I’m delighted to have recently taken on a wonderful new student. My 14 year old niece, Jenna, is a lovely girl and an amazing little artist. She came to me with a basic background in drawing, and about 2 (maybe more) years of oil painting lessons under her belt.
Jenna does wonderful abstract pieces, but I am a firm believer that developing a solid grasp of drawing fundamentals is an essential element in any artist’s education. Being able to draw really well from life means you can realize virtually any vision you can imagine. So, we’re gearing up for a lot of still life work this semester!
I set up the above still life about 10 feet from where Jenna was working. The goal for this session was to pay close attention to proportions. I taught her how to measure the length or width of one object using a thumb or pencil held at arm’s length, and how to use that as a unit of measure to figure out the size of a neighboring object.
Here is Jenna’s first attempt. It took her about an hour. She did a very good job and displayed a lot of patience on several occasions when she realized that some of her proportions were off, and she had to erase and re-draw.
I have to mention that the tilted plate was wicked on my part. Jenna did an excellent job with it given her level of experience.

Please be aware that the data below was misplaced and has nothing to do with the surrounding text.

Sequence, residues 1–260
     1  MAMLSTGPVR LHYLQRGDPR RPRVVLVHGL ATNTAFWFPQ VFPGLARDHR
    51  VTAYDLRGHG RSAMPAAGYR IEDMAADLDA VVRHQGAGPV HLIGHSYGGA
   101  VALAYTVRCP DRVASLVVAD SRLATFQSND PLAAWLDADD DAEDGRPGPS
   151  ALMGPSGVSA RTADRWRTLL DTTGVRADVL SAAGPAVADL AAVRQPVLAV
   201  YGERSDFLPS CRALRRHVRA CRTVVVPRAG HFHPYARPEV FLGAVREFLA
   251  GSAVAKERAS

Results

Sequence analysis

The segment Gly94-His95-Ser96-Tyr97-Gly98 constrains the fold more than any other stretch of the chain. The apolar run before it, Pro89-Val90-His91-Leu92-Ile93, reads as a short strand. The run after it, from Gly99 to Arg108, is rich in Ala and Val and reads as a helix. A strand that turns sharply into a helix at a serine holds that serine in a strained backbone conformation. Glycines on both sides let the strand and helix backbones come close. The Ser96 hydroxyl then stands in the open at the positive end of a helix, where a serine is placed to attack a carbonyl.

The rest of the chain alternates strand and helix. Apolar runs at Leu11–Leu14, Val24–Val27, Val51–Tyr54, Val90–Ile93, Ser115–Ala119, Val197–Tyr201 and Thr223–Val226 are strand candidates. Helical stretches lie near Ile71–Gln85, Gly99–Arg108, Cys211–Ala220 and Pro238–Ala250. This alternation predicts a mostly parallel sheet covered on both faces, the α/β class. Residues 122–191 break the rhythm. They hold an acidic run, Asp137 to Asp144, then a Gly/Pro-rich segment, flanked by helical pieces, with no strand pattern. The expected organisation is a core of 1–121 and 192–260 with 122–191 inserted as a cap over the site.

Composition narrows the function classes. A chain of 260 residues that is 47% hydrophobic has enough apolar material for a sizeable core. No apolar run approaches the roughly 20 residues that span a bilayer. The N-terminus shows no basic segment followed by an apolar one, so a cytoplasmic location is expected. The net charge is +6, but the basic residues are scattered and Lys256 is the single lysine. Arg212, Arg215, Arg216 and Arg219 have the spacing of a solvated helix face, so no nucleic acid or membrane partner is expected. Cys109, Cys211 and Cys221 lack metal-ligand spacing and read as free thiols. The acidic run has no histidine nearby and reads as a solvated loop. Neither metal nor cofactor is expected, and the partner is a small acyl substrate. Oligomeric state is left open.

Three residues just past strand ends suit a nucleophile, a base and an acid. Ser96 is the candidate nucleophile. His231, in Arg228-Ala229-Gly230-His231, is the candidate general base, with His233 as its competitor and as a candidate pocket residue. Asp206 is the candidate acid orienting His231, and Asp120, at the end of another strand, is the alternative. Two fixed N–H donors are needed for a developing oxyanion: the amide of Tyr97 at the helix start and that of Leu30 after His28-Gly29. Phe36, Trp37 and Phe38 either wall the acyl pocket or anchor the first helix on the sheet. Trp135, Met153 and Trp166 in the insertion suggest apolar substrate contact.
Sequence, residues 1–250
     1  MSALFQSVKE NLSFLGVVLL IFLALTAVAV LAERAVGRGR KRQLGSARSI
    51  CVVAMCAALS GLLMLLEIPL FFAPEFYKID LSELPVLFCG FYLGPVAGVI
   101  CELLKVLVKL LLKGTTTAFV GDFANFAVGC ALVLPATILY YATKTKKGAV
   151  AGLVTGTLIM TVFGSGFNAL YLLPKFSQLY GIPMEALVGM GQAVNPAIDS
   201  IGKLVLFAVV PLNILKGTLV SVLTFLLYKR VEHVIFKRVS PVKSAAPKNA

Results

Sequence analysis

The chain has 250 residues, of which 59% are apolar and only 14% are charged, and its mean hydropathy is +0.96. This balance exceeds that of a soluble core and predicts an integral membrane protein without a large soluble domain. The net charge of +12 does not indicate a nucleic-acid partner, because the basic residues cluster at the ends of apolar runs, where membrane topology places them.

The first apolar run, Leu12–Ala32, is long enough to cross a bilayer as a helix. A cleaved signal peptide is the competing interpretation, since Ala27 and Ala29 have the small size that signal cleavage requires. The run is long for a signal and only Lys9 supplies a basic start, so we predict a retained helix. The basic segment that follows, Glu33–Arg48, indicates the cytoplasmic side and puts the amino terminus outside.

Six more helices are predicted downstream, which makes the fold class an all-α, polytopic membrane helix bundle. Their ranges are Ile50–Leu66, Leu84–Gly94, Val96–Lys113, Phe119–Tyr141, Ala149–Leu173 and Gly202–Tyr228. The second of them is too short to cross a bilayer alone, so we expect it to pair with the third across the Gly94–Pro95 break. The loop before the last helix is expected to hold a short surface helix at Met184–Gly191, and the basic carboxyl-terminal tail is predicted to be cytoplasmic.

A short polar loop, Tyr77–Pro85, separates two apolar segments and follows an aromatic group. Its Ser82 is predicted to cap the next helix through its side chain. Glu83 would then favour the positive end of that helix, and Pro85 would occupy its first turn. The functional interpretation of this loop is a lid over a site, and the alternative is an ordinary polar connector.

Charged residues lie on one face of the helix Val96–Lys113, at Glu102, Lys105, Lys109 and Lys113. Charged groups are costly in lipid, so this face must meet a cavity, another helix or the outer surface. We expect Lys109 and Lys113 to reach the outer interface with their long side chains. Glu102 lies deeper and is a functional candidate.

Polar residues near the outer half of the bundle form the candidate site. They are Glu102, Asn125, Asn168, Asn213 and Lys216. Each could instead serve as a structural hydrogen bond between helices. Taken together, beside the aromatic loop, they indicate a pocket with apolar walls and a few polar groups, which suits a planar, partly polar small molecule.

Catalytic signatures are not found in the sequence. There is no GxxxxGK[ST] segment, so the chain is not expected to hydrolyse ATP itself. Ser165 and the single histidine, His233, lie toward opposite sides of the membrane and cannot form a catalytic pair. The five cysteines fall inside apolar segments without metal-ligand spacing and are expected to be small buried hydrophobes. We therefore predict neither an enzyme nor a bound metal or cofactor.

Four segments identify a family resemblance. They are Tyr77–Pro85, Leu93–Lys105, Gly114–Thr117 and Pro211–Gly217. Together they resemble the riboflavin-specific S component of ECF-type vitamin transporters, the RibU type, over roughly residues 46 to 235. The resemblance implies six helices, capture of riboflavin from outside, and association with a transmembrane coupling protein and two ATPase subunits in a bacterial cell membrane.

Next, I asked Jenna to take out a new sheet of paper, and set the timer. She had five minutes to re-draw the still life from scratch. Here is what she did:
AWESOME! Her proportions on the 5 minute drawing were actually more accurate than the one she’s labored over for an hour, with very little erasing and re-working. The difference? A huge amount of observation. Plus, the time limit forced her to work more decisively and intuitively – which she could do successfully because she’d spent so much time looking at it and analyzing it in advance.
Most beginning artists don’t spend nearly enough time observing their subjects. Once you take the time to really get to know a subject, the actual process of drawing becomes much easier, as Jenna discovered today.
I think you could extrapolate this lesson to many areas of life, don’t you?